And how about movement? In sports yoga classes, it almost never stops, save for a brief savasana at the end, during which a couple of people almost always leave. I fought that temptation myself when I started, by the way, as in, “What is this pointless lying around? I came here for a workout! I have things to do!” In sacred yoga, there is often more stillness, not only in savasana, but via the incorporation of breathing techniques (pranayama) or meditation. I have never experienced a sports yoga class that incorporated more than 5 minutes of stillness, and after all that hard-pumping music (details forthcoming) and sweating, the stillness typically felt odd and long. A pranayama might occasionally happen at the beginning of class, lasting perhaps 1-2 minutes, but there rarely was one. Meditation? Same.

The music, however, is perhaps the difference that’s easiest to notice. Sports yoga often uses energizing, popular music, and this music, for me at least, feels designed to motivate me to move fast and to try harder. Moreover — and significantly — it invariably engages my mind. I am thinking and I am doing, along with this music. In contrast, the sacred yoga experience has distinct music that facilitates the above-mentioned space: typically mantra or some incredibly spacey 417Hz type music that takes me out of my mind. I am being, and while there is some doing, the doing seems to happen more organically, not from a pushing, striving place.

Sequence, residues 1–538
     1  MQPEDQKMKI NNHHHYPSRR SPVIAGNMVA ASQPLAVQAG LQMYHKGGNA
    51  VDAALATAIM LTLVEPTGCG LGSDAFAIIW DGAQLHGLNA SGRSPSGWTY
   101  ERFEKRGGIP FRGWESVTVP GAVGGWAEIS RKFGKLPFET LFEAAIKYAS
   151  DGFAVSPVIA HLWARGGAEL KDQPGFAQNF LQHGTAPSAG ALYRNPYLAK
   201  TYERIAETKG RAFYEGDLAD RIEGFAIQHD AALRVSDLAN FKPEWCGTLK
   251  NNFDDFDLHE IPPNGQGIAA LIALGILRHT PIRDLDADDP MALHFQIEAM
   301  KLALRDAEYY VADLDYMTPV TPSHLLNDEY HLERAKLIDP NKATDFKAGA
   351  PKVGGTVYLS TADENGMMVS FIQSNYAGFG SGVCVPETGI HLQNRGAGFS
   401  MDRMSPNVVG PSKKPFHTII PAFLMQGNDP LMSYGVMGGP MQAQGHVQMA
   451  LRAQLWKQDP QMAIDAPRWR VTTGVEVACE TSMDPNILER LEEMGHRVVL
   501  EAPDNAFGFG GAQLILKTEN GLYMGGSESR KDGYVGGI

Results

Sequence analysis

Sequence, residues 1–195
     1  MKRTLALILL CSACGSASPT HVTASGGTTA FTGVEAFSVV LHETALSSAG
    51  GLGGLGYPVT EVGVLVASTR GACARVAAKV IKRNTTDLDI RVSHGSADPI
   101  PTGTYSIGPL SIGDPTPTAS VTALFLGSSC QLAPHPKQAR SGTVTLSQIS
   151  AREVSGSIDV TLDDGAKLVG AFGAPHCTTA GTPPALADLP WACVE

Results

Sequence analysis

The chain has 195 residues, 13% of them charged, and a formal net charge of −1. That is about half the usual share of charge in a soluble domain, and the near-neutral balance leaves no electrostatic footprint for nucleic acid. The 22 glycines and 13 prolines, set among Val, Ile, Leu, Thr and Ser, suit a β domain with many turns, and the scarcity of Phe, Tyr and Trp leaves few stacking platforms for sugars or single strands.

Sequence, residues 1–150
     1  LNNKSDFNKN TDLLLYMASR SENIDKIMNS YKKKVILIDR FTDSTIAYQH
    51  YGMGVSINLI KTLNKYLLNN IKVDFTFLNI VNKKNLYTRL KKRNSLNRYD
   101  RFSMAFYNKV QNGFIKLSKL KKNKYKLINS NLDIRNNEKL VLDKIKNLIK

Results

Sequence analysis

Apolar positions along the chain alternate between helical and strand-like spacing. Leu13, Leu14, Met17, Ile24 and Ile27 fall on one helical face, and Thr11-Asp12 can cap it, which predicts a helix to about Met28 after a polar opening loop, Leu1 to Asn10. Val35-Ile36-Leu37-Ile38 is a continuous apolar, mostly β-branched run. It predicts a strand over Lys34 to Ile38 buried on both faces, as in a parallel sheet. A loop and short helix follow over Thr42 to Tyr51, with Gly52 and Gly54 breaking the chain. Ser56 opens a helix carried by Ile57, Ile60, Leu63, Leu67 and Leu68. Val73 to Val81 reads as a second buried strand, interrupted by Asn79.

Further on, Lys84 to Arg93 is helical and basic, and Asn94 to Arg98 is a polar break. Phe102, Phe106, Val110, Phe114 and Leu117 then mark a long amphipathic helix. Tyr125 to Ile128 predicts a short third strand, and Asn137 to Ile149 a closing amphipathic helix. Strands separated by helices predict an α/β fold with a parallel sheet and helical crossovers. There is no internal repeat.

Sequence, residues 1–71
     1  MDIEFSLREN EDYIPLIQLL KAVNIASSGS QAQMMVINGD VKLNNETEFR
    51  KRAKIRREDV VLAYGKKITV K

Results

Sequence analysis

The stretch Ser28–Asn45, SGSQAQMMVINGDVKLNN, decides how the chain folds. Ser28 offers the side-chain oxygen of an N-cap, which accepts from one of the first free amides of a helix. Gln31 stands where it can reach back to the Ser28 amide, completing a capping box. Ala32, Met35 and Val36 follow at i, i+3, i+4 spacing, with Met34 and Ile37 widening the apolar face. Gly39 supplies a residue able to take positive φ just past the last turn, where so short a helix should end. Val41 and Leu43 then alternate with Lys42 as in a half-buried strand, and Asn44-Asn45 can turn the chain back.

As it turns out, yoga teacher training has the same dichotomy: it can be purely physical, teaching future teachers about anatomy and motivating students; or it can have aspects of those physical components but under the space-holding umbrella of, well, space holding: it is also teaching future teachers to hold space, to allow space for their students to have (or not have) sacred or spiritual experiences, and to go deep with-in while they work on the with-out.

In my case, by the time I was ready to take my yogic practice deeper and begin yoga teacher training, I had finally come to realize that there could be a deeply enriching spiritual component to yoga, much like my well-developed meditation practice, that combined two of my favorite things: meditation and exercise. I also learned how wound up I was (who knew?!), how much I had compartmentalized stillness, and how much I needed to step out of the bad-ass athletic persona that had pushed me to injury in the first place, and learn how to relax, to just be. It has been a life-changer on so many levels for me.

Basically, yoga met me where I was. And this is what it does for everyone.

By |2018-01-04T09:24:02+00:00January 3rd, 2018|

About the Author:

Dana Reece (Prempal Kaur), PhD, who holds advanced degrees in Writing, Literature, and Education, is a Personal Transformation Mentor. This combines her skills an an Inner-Space Sourcing (IST) Practitioner, Kundalini Yoga Instructor, goal-setting and writing/editing consultant, writer/blogger, and college professor. Dr. Reece has over 25 years' experience in writing/coaching writers and goal-setting/life-planning in group and private formats, as well as over 15 years' experience in meditation and the practice of inner alchemical techniques designed to develop and strengthen the energetic body.